Life At A Snail’s Pace
April 27, 2011 // Filed under Uncategorized
Elisabeth Tova Bailey’s 2010 book, The Sound of a Wild Snail Eating, describes life truly lived at a snail’s pace. Victim of a virulent virus which attacked her autonomic nervous system and caused mitochondrial disease, Elisabeth Tova Bailey faced a depressing prognosis of extreme fatigue and the inability to maintain adequate blood pressure in an upright position. In short, she would have to live life reclining because her body was unable to function in an upright manner. Although she had periods of improvement, serious health reversals repeatedly sent her back to bed. Dependent on caregivers and friends for her needs, she found that she had all the time in the world, but no capability to use it in the ways she would like.
Enter the snail.
One day a visiting friend brought her a small snail she had found in the woods, simply because it struck her fancy. This friend deposited the snail in a pot of field violets which she placed on Bailey’s bedside table. The author quickly found herself mesmerized by the seeming poise and adaptability of this wild creature suddenly placed in an alien environment. As she observed the snail’s tentative exploration of its pot, Bailey fancifully noted, “Pondering its circumstances with a regal air, as if from the turret of a castle, it waved its tentacles this way and then that, as though responding to a distant melody.” So began the author’s enchantment with the snail and her identification with its slow, but purposeful progress through each day. She enjoyed its nocturnal activity, glad to have the presence of another living thing close by on sleepless nights.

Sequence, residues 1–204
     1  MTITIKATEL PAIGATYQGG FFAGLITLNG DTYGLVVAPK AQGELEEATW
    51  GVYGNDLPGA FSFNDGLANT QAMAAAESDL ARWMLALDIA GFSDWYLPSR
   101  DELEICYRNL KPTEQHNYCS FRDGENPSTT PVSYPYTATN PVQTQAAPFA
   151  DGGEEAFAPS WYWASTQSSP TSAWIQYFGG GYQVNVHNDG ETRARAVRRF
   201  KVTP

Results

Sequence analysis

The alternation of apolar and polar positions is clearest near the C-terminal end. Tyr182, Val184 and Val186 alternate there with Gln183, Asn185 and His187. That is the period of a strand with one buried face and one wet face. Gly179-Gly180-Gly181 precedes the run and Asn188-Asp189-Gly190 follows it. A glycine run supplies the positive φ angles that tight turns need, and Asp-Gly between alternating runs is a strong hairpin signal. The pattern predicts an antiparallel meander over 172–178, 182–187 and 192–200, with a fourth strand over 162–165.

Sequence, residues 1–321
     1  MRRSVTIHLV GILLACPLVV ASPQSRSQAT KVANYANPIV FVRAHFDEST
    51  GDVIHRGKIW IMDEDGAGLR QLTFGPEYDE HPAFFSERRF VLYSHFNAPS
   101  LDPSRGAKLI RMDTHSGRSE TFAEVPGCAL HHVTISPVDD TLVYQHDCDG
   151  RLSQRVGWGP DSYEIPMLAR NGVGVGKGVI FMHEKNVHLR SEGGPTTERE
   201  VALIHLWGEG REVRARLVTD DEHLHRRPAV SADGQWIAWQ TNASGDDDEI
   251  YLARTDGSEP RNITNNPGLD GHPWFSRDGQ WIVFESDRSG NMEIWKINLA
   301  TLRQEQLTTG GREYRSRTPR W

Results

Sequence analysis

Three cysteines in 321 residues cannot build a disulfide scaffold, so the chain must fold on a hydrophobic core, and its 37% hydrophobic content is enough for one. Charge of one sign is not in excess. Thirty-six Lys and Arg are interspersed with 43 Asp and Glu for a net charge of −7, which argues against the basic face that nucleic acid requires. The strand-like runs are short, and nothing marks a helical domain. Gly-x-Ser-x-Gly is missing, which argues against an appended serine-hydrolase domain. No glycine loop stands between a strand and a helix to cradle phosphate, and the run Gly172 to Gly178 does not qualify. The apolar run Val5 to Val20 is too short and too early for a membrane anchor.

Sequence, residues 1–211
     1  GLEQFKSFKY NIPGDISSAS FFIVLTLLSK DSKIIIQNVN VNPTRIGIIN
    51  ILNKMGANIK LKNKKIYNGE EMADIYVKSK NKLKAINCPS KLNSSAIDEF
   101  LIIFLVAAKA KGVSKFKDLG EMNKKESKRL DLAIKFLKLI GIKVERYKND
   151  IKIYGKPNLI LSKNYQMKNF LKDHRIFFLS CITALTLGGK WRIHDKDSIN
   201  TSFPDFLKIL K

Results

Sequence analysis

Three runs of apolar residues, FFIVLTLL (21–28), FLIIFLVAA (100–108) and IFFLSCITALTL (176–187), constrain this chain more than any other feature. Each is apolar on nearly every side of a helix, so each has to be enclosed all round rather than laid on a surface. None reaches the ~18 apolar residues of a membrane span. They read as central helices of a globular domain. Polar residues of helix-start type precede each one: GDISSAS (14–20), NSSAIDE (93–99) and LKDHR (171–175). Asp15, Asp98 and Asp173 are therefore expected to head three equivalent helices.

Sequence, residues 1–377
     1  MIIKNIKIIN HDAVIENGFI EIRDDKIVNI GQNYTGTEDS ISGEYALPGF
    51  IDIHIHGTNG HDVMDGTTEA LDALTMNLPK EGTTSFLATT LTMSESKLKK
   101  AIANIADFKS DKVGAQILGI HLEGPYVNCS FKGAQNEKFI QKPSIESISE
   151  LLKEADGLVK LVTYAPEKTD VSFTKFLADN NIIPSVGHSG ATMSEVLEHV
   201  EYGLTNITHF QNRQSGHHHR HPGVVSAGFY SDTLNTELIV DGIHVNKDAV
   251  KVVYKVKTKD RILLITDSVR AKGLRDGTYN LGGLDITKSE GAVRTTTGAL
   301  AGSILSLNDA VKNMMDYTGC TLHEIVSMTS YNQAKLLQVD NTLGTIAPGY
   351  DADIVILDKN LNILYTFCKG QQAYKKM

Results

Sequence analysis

On one such night she first heard the sound of the tiny snail eating a flower petal. With this, the snail captured both Elisabeth Tova Bailey and me. I couldn’t wait to learn more about how the snail and the author might fare. In this short and endearing book, I learned much of fascinating interest about snails, their life cycles and languorous “love lives,” their unique and paradoxical physical aspects. Interspersed throughout the story are wonderful excerpts from poets and scientists who have long appreciated this miniscule, but marvelous organism. Bailey aptly quotes the haiku of Kobayashi Issa here, “Climb Mount Fuji/ O Snail/ but slowly, slowly.” What insights the author gleaned from her coexistence with this fellow slow-mover enabled her to examine and accept her own state of being. The Sound of a Wild Snail Eating tells her story and that of the snail with beautiful prose and fluid style.
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